Immunotherapy has shown only limited success in the treatment of solid tumors. A major reason for such failure is the existence of normal mechanisms for peripheral tolerance induction, which function under normal circumstances to prevent the onset of autoimmune disease. However, these processes also hinder tumor rejection during immunotherapy. We have discovered that the expression of major histocompatibility class II molecules (MHCII) on non-hematopoietic stromal cells in the lung plays a critical role in downregulating inflammatory responses, including those that prevent the growth of metastatic tumors. The overall goal of this application is to determine the mechanisms utilized by MHCII expressing non-hematopoietic stromal cells to prevent tumor rejection as well as to explore the possibility of downregulating MHCII as a method of immune- based therapy. We explore, in three non-mutually exclusive aims, the role of CD4+Foxp3+ regulatory T cells in controlling inflammatory changes, the function of T cells in inhibiting tumor angiogenesis, and the potential for shRNA-mediated downregulation of MHCII as a therapeutic modality.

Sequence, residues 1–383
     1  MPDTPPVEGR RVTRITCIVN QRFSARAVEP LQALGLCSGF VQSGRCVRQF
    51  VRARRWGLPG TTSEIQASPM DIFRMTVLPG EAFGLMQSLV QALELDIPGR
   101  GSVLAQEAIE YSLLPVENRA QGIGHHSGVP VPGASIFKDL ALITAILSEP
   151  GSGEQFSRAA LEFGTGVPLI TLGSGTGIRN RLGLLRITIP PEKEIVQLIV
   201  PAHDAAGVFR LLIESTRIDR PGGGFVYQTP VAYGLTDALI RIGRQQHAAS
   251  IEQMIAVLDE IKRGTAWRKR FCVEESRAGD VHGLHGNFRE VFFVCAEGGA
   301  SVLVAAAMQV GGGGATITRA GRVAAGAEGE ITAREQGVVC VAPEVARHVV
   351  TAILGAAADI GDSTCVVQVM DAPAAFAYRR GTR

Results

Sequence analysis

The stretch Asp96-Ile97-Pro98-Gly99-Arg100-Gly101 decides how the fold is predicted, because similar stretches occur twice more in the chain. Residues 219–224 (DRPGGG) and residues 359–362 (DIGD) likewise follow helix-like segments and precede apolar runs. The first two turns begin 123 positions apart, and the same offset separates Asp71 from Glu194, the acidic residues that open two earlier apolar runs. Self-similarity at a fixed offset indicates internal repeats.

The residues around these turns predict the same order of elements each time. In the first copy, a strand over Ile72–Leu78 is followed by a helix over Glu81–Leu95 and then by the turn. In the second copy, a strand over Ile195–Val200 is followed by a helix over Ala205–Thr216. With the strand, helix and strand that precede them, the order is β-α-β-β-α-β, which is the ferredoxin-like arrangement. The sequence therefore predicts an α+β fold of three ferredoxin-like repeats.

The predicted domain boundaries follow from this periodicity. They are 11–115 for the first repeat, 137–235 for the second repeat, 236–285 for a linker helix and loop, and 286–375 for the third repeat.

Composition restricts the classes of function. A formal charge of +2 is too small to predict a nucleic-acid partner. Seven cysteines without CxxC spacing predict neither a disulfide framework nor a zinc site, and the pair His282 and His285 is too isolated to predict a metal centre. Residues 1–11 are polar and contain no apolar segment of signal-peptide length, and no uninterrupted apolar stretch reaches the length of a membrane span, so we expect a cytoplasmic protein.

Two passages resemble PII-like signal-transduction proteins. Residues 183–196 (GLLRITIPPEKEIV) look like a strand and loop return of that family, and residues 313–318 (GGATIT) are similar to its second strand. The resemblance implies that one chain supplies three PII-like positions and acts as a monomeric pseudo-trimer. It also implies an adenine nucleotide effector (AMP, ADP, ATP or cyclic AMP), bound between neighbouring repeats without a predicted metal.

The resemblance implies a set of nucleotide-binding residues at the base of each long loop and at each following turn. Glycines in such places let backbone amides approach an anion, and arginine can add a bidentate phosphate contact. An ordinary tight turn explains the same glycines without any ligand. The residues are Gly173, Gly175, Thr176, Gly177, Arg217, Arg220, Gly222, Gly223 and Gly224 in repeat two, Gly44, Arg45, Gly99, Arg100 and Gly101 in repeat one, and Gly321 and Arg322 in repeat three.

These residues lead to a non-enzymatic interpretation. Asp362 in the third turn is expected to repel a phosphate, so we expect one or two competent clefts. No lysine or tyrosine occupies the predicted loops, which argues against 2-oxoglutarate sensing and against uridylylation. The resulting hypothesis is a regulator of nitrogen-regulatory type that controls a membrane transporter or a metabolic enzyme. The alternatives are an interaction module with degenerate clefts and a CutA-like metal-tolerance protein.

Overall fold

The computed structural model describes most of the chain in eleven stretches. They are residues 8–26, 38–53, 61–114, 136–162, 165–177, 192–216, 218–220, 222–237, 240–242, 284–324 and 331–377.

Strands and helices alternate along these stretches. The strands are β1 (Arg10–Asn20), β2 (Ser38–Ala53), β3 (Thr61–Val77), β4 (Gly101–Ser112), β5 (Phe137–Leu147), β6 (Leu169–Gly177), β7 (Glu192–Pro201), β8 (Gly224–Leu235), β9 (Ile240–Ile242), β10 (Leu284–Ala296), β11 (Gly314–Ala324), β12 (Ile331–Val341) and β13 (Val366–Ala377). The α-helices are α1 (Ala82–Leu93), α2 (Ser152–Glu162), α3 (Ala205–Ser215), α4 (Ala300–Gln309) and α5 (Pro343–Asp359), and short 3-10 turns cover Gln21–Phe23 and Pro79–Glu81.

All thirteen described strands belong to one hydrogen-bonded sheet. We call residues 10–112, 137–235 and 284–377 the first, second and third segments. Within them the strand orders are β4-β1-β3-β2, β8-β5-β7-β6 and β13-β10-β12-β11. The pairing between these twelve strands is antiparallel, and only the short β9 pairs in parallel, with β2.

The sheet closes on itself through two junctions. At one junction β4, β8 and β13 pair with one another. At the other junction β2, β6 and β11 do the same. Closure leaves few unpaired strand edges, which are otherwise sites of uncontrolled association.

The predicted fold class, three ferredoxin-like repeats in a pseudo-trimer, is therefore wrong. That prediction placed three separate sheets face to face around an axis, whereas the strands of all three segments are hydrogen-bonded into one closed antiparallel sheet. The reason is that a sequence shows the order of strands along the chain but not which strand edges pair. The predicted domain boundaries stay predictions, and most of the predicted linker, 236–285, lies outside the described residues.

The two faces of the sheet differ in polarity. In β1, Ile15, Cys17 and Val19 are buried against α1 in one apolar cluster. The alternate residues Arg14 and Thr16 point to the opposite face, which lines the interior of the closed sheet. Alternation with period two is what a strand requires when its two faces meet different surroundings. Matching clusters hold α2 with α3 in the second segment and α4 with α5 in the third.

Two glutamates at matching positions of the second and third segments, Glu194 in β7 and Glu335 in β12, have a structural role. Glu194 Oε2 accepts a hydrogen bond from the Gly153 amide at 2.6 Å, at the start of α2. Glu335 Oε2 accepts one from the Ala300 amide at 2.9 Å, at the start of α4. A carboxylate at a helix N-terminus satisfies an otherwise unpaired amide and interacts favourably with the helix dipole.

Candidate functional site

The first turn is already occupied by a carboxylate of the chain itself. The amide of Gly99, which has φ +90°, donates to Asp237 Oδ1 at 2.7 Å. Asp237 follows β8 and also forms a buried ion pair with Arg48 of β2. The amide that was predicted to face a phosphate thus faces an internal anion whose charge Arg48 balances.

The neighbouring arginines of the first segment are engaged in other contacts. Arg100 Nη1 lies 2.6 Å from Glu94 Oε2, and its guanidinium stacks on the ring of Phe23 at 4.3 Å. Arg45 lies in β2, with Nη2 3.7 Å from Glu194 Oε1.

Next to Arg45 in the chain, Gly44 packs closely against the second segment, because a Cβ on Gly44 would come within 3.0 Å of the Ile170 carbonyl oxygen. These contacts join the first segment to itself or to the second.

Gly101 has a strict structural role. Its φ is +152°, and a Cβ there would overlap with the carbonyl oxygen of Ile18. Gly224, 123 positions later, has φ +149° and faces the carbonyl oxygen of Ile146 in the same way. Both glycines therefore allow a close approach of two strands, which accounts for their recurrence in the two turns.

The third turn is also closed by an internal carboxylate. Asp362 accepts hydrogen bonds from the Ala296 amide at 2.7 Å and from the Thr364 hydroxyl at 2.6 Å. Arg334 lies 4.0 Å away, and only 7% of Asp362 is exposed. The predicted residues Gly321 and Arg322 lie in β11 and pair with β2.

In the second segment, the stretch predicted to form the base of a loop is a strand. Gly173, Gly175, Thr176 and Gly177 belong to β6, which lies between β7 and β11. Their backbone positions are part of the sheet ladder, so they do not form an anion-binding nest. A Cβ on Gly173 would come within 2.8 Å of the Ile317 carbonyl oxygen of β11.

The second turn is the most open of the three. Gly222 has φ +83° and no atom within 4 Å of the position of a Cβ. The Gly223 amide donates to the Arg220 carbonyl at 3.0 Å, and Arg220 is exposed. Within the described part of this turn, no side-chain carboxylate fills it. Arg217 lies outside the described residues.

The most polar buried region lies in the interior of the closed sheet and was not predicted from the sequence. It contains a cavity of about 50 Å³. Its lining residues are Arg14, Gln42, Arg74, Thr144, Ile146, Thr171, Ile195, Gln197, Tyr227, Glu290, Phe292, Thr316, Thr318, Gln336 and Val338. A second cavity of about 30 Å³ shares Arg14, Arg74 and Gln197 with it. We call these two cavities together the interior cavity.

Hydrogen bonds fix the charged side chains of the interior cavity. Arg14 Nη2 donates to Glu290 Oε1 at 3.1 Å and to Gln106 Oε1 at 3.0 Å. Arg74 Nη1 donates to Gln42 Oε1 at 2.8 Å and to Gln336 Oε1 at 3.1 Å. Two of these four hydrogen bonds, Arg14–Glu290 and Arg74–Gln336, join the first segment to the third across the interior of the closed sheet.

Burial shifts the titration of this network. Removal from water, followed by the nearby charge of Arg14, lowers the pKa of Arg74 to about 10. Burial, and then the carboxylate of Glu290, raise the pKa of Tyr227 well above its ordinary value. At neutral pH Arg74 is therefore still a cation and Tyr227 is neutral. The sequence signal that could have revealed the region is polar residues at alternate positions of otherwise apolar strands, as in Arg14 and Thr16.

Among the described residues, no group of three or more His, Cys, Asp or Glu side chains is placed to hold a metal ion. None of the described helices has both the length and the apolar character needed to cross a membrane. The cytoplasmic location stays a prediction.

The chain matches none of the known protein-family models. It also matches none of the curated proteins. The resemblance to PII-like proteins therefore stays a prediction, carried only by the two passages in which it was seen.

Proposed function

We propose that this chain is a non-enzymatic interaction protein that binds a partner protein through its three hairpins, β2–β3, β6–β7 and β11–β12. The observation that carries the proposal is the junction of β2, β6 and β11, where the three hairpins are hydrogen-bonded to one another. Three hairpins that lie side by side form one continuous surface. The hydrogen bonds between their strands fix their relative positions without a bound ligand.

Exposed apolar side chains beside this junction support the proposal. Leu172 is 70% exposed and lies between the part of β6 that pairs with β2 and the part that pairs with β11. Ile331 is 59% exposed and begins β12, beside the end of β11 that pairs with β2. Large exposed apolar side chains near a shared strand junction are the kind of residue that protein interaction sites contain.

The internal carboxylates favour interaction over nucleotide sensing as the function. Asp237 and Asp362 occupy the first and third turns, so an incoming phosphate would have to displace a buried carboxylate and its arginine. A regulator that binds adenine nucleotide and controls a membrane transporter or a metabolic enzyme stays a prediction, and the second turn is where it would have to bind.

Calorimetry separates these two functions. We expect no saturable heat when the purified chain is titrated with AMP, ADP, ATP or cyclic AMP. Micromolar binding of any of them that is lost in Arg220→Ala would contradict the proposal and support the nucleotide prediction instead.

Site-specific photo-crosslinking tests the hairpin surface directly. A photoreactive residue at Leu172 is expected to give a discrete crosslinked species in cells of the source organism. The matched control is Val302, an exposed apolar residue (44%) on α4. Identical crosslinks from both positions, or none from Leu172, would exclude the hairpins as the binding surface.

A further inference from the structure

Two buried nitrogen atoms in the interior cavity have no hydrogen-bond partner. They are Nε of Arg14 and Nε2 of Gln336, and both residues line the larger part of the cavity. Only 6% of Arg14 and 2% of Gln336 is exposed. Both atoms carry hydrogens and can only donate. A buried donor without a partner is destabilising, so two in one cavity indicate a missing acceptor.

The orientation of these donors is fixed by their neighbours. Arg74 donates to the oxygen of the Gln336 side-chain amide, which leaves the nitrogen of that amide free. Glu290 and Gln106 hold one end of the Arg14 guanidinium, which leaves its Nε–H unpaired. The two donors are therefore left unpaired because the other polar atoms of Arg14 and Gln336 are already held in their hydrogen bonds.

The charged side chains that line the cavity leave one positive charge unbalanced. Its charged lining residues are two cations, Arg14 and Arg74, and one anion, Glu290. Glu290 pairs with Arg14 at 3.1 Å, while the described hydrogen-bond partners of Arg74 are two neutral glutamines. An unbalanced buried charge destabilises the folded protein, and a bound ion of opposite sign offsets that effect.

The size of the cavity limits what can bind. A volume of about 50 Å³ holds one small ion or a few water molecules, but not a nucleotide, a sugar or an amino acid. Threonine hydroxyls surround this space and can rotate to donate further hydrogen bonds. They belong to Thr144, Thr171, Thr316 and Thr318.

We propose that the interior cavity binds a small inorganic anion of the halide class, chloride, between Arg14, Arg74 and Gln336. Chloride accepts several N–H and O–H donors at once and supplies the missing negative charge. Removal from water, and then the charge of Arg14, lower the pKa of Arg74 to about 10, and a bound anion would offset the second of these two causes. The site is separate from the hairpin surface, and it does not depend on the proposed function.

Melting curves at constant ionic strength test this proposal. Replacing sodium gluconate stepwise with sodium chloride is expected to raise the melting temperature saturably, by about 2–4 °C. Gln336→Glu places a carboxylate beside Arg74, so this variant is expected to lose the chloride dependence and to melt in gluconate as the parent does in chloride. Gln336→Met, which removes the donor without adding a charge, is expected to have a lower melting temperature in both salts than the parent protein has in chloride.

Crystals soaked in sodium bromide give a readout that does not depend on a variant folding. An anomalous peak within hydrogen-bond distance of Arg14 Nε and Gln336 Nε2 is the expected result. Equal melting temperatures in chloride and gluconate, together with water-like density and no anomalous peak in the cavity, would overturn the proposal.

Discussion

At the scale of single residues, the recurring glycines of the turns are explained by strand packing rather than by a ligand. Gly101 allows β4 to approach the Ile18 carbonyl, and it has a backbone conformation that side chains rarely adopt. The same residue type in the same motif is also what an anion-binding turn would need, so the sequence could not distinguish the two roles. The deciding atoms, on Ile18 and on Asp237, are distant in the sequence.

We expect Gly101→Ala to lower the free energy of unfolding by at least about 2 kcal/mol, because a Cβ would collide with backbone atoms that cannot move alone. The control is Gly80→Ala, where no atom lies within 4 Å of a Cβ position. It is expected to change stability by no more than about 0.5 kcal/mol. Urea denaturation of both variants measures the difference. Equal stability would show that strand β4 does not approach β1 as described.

Despite encouraging preliminary results, the overall success of immunotherapy for solid tumors has been limited. Little is known about the role that non-hematopoietic stromal cells in the tumor microenvironment play in controlling the tumor immune response. This application proposes to study the function of major histocompatibility class II expression by non-hematopoietic stromal cells on T cell activation and the tumor immune response.